Low scale density on A. palmatum and other exotic species could have resulted from the combined influence of high natural enemy abundance and low susceptibility to many scale species. Generalist predators in the families Anthocoridae and Coccinellidae, which feed on scales and other Hemipterans, were captured in similar numbers in native and exotic trees. Spiders, which are common in urban trees and feed on many taxa, were also of similar abundance in native and exotic trees (McCluney, George & Frank, 2018; Meineke et al., 2017). Other researchers have also found similar densities of arthropod natural enemies on native and exotic trees even though the exotic species had lower herbivore densities (Hartley, Rogers & Siemann, 2010; Procheş et al., 2008; Southwood, Moran & Kennedy, 1982). Natural enemies frequently visit and remain in habitats due to the vegetation structure, microclimates, or other resources that may be similar for native and exotic tree species. Our results corroborate these findings but this pattern requires further research to understand the factors, other than herbivores, that define the conservation value of exotic trees.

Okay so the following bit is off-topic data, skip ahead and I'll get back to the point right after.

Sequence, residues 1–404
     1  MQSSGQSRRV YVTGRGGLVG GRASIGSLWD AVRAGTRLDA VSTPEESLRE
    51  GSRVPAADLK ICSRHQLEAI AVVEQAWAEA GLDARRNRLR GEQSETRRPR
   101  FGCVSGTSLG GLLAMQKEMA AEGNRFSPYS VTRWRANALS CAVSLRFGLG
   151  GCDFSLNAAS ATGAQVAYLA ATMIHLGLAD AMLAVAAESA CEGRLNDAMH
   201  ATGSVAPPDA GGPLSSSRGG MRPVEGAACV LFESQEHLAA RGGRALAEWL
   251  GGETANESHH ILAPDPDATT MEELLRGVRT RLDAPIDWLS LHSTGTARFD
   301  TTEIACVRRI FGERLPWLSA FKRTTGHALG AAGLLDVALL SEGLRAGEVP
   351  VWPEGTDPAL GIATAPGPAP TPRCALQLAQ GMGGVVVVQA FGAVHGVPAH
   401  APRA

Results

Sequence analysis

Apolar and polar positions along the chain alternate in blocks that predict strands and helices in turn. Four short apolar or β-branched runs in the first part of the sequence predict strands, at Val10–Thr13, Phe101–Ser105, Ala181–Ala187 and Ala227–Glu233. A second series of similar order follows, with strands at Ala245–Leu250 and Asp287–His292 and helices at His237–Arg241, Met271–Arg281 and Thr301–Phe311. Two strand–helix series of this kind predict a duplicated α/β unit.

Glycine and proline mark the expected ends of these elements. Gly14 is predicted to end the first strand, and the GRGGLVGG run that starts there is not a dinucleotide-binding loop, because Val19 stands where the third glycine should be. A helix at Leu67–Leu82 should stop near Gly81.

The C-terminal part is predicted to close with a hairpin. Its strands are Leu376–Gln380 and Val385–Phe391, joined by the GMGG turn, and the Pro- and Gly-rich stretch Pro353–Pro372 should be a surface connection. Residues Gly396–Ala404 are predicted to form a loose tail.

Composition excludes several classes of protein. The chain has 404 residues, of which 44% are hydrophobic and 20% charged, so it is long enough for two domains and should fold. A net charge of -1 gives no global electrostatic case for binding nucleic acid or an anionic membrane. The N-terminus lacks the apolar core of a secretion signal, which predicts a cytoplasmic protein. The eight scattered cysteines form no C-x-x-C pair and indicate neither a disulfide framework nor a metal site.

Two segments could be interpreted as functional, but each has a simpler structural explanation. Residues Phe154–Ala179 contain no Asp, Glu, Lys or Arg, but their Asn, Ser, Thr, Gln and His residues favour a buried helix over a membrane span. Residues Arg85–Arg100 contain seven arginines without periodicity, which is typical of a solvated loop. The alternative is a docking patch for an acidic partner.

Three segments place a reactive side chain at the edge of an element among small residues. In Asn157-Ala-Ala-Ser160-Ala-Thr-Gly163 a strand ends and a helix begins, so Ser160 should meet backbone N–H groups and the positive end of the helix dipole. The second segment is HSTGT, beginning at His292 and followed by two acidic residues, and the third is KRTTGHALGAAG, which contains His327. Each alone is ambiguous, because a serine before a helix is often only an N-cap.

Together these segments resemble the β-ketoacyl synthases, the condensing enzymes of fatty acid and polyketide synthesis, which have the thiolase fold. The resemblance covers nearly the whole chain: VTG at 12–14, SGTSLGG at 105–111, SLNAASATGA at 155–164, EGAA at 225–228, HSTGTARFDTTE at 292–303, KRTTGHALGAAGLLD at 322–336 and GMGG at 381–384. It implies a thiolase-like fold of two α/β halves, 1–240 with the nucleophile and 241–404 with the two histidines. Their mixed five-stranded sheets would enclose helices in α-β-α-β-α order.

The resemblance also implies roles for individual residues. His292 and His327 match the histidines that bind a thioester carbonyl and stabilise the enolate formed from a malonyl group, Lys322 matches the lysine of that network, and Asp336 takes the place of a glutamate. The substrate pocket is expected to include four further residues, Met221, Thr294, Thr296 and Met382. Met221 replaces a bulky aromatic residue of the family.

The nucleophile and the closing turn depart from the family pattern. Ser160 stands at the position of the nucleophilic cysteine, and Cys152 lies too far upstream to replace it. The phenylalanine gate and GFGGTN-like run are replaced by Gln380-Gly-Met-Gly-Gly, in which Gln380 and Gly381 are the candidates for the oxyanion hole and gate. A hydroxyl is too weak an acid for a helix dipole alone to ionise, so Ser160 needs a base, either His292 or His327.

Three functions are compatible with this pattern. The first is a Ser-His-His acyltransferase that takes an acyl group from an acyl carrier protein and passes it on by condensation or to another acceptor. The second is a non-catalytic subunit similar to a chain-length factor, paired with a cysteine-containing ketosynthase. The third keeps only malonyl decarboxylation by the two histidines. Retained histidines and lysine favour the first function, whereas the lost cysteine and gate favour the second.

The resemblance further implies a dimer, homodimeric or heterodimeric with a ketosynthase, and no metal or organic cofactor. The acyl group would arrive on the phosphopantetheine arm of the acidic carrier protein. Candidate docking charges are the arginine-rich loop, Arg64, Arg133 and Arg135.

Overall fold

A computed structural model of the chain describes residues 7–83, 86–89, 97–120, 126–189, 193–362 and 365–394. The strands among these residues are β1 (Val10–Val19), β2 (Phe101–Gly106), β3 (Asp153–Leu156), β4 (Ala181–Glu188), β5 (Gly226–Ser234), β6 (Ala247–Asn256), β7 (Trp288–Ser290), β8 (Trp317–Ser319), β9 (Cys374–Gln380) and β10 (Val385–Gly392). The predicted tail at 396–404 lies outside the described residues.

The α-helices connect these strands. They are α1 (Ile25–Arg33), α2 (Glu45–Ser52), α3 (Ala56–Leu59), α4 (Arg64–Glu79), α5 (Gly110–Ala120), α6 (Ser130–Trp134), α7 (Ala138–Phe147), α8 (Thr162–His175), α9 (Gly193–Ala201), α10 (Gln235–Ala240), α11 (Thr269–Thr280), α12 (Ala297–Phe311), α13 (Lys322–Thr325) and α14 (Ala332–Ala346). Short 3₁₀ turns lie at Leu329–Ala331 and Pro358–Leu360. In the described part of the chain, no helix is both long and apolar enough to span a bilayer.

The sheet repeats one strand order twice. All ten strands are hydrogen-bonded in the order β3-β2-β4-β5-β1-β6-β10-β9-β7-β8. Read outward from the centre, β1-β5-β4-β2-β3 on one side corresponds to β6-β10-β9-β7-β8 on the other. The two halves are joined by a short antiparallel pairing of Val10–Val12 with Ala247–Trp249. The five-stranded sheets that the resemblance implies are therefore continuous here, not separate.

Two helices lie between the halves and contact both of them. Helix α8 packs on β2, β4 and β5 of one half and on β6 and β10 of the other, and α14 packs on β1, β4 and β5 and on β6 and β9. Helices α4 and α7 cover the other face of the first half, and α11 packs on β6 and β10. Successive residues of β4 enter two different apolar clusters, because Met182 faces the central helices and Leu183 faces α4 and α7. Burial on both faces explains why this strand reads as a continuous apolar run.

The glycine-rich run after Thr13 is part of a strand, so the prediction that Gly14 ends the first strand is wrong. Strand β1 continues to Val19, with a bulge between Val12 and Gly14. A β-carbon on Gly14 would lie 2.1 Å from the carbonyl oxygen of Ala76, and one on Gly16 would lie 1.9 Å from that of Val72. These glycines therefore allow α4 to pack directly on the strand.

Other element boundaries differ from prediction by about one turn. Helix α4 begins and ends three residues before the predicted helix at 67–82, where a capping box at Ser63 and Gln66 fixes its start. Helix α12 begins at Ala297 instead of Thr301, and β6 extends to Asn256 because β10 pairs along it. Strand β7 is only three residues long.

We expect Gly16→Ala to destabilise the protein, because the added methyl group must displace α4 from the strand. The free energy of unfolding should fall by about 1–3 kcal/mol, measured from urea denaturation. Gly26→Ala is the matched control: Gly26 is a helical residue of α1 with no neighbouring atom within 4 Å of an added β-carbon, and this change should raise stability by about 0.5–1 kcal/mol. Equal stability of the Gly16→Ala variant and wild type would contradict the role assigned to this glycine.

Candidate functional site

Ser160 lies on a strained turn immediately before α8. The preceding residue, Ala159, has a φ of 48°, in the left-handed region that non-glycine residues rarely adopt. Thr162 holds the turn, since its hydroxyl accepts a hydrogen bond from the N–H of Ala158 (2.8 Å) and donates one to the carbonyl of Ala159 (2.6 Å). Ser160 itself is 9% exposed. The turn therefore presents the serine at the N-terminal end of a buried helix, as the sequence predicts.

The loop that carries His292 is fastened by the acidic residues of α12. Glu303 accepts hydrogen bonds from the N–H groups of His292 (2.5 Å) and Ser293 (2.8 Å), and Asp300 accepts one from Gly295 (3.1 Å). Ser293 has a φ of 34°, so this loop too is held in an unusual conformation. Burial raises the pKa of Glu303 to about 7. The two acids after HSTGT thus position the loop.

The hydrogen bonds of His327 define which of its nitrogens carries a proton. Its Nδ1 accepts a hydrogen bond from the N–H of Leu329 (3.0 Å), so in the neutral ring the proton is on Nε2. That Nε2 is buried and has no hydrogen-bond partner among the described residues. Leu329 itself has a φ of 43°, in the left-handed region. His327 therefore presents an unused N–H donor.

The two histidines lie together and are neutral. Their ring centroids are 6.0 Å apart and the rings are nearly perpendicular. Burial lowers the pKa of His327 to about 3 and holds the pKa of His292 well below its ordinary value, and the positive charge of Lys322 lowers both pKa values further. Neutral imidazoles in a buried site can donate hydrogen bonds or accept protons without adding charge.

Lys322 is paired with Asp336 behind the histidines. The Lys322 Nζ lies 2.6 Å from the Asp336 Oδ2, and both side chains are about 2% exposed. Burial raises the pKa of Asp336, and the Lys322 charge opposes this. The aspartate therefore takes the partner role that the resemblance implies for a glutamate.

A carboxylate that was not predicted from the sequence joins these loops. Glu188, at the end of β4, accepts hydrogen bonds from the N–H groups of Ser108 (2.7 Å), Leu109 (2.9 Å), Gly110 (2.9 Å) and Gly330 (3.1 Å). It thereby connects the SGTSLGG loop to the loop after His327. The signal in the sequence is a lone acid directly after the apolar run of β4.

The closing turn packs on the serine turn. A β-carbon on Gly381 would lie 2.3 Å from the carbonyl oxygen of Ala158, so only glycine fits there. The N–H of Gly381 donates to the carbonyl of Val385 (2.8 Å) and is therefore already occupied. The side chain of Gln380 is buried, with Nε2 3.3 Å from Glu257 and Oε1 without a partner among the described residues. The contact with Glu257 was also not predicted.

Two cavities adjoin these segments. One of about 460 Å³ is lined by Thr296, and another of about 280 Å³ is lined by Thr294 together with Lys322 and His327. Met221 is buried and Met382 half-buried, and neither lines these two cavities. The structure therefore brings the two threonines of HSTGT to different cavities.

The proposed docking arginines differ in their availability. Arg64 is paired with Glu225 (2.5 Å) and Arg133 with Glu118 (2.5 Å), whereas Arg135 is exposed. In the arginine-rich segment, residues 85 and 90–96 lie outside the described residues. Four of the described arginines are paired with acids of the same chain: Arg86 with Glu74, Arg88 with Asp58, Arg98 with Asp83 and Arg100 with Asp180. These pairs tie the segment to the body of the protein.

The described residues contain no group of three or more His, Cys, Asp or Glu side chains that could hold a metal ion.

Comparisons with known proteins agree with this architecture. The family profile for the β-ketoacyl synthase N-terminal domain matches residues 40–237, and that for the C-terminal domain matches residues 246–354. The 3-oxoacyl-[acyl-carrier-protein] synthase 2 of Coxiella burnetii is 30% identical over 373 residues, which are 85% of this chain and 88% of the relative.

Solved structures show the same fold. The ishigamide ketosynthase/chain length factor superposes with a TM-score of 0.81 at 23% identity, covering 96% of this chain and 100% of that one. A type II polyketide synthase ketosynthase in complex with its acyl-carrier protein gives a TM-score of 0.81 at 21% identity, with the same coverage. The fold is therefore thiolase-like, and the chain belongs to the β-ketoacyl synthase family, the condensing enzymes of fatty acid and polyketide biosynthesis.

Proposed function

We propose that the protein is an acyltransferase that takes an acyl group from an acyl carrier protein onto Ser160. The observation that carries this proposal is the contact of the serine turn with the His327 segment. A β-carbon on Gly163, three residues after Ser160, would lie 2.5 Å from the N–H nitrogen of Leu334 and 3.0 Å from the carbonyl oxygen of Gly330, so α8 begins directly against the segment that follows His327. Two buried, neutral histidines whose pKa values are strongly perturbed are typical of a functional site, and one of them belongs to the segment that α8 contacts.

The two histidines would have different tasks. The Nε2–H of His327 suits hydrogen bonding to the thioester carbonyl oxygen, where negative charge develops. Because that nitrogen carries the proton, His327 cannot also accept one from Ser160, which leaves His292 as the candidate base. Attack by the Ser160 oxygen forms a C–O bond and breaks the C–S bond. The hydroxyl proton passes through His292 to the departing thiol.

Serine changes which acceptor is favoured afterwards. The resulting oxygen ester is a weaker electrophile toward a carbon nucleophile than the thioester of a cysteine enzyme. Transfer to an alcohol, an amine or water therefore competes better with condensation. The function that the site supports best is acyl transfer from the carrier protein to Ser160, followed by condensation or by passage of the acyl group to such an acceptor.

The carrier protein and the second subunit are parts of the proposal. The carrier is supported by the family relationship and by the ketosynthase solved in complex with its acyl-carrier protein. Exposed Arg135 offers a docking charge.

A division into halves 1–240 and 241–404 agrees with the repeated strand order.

There is growing evidence that some insect taxa, or even insects in general, are declining due to land use change, climate change, exotic plants, insecticides, and other factors (Conrad et al., 2006; Hallmann et al., 2017; Potts et al., 2010). All these issues converge when managing urban trees to conserve arthropods and minimize pests. Urban forest design and planting recommendations generally include increasing tree diversity at multiple taxonomic levels using a mixture of native and non-native species (Raupp, Cumming & Raupp, 2006; Elevitch & Wilkinson, 2001). The primary goal of increasing urban tree diversity has been to reduce catastrophic damage caused by exotic pests such as emerald ash borer and Dutch elm disease. Although we only studied three exotic maples and one exotic oak they are among the most commonly planted species in our region. Our results suggest that planting these exotic tree species is also a valuable contribution to conserving arthropod communities (Chalker-Scott, 2015; Hitchmough, 2011). Since these exotic species are also less susceptible to scales, and potentially other pests, they may not require insecticide applications that harm non-target organisms and thus reverse conservation goals (Goulson, 2013; Luck & Dahlstein, 1975; Raupp et al., 2001; Woodcock et al., 2016).